If we spread out this ladder of DNA, there’d be something like three billion different rungs on the ladder. And at each of those rungs, we’ve got different letters known as bases. So you can have either C, G, A, or T bases. And it’s different combinations of these bases that form our genes. And when a gene gets read out, it creates a protein. So what happens in terms of the epigenetics here is that tiny chemical groups can come along and they can attach to points in the genetic kind of DNA ladder. We call them epigenetic modifications. Thi s because they’re not changing the underlying genetic code, but they are changing how it’s read out.
An analogy for this is you can think of it like a dimmer switch on a gene. For example, where if you’ve got methylation bound, it’s not going to change the protein that the gene produces, but it can act like a dimmer to turn down the expression of that gene. So the epigenetic modification that I study is called DNA methylation. That happens when a methyl group, so that’s one carbon and then three hydrogens, it comes along and it binds to areas of the DNA rich in C and G letters.

That’s what we can do with DNA methylation is look across the cells in a blood sample from an individual.  We can see whether a particular site in the genome is generally unmethylated or methylated. And we can do that simultaneously across up to, you know, like 800,000 different methylation sites at once. So this is the kind of data that we work with.

hannah_went:
Yeah, absolutely. And epigenetics is important for a plethora of reasons, right? I like how you explain that, like that dimmer, that knob, right? Kind of controlling the levels of different things being produced. So that was probably the best explanation I’ve ever heard leading up through the central dogma. I appreciate you giving a general overview of that. You mentioned the epigenetic modification you’re looking at is going to be that DNA methylation as you just defined. But you’re going to look at those signatures of the circulating proteome. So you’re looking at all of these different proteins in the incidence of disease. So what is the proteome? Can you talk  more about that and why you’re looking at that area of interest in the body?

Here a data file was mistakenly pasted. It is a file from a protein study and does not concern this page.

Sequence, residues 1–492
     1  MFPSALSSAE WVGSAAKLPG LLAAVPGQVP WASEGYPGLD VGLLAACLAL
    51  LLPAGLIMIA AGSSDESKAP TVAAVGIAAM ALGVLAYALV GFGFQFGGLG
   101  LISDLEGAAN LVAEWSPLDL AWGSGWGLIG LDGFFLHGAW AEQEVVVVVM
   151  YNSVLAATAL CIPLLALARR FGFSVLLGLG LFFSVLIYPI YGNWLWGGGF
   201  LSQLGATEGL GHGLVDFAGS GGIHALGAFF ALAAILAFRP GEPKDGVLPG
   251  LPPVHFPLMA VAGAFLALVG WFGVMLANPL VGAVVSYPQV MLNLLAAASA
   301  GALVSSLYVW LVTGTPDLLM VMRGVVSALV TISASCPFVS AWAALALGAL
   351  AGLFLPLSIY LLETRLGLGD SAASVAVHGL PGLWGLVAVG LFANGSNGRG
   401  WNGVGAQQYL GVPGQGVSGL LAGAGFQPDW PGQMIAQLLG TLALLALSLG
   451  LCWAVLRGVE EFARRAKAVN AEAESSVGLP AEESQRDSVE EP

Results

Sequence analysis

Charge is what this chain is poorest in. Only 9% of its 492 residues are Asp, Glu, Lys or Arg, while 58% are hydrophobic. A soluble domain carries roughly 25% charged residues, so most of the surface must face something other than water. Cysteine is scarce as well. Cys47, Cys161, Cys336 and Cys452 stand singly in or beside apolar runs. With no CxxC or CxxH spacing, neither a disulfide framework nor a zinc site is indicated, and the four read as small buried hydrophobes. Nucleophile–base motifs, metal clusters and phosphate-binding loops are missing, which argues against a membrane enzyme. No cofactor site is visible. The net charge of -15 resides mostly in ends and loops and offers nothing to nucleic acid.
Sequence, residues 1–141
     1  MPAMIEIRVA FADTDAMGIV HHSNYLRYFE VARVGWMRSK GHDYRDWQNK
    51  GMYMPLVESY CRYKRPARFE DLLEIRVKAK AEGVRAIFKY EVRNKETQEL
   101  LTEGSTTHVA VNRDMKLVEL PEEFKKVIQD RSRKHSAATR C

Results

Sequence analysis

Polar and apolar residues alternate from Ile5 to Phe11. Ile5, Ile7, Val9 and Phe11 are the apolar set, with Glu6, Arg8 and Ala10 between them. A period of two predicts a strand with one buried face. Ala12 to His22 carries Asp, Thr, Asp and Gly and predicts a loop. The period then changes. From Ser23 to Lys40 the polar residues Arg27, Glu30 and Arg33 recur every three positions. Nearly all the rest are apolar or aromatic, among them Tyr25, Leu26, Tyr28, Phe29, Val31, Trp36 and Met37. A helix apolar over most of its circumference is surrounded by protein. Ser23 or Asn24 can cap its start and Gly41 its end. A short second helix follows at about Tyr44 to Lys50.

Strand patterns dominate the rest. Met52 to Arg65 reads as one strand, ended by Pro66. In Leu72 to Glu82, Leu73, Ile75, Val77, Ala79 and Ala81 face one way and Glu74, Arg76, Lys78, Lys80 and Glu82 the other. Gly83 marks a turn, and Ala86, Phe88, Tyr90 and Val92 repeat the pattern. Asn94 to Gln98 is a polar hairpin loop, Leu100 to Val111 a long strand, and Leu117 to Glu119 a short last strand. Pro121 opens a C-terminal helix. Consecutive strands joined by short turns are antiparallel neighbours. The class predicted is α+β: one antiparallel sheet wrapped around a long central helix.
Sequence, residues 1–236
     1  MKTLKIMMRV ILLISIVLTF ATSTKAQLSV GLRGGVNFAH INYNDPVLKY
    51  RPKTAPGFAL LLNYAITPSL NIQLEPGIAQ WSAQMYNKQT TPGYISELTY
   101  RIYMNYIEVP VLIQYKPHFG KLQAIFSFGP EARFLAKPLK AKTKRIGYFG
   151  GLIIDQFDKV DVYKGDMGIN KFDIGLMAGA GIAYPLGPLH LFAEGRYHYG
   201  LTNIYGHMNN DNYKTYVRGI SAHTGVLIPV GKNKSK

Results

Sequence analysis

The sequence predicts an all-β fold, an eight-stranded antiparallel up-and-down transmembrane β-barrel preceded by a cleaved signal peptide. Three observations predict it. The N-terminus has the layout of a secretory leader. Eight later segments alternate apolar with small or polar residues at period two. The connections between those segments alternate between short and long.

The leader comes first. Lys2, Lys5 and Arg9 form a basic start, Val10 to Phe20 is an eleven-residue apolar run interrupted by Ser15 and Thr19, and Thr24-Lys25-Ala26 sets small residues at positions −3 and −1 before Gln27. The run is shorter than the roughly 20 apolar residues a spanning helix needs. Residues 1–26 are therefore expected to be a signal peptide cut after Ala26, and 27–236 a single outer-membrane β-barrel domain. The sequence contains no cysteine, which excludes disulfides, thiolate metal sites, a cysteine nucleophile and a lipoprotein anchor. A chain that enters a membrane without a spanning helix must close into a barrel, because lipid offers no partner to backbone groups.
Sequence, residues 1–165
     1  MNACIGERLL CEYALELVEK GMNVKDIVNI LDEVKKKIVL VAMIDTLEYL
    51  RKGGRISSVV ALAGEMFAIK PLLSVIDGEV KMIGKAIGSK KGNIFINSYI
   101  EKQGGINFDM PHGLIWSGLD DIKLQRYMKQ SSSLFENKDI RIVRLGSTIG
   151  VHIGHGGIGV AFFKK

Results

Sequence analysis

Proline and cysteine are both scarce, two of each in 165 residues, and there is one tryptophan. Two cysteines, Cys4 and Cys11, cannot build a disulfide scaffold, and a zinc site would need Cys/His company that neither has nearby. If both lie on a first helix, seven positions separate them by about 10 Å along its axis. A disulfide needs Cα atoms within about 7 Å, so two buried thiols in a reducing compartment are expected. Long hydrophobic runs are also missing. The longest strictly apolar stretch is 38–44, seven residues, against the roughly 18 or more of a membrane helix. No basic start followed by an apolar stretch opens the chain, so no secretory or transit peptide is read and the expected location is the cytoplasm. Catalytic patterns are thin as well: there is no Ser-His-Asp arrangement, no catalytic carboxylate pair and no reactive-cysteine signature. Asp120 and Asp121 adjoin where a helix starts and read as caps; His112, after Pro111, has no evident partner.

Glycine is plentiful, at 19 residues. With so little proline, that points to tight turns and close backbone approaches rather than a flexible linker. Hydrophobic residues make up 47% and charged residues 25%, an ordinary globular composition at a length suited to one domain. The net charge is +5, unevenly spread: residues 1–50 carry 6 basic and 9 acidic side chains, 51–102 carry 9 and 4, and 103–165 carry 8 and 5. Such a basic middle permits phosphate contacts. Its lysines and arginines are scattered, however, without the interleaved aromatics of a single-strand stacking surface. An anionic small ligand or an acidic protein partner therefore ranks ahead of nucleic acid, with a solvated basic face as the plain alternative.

danni:
The proteome represents the collection of proteins that could be within a cell, a tissue or a system within the body. And our circulating proteome refers to all of those proteins that are circulating around our body and our bloodstream. This is made up of proteins that can be produced in the bloodstream, but it can also be an instance where a protein is made in an organ or a tissue of the body. and it can enter into the bloodstream. So that’s really when we look at the blood proteome, that’s what we’re looking at, that whole collection of proteins.

hannah_went:
Gotcha, yeah. And why would we use that as a biomarker, right? A biomarker just being something we can look at that tells us maybe the outcome of something else. What’s the importance there?

danni:
Proteins are really interesting as a feature to look at in terms of our health. So they are the kind of effector molecules that maintain our health first and foremost within the body, but they’re also often the mediators of disease. So we know that there are a whole bunch of different protein markers and proteins within different tissues that drive different diseases. This means that when people develop therapeutics, Proteins are often actually the targets that we’re looking to try and understand and modify in some way to treat your disease. So if we take a disease like dementia, for example, we know that there’s a component of dementia that’s down to our genetics that dictates risk.

And we also know that there is a whole bunch of lifestyle and environmental factors that can impact and influence our risk on top of our genetics. And we know that there are these blood proteins that, in some instances, can help us to predict the onset of dementia. So by joining up all of these different data types, especially in my PhD, the protein and epigenetic signatures from the blood, we’re hoping that it will give us a much more complete profile of a disease and be able to stratify risk in individuals more than using, say, genetics alone, for example.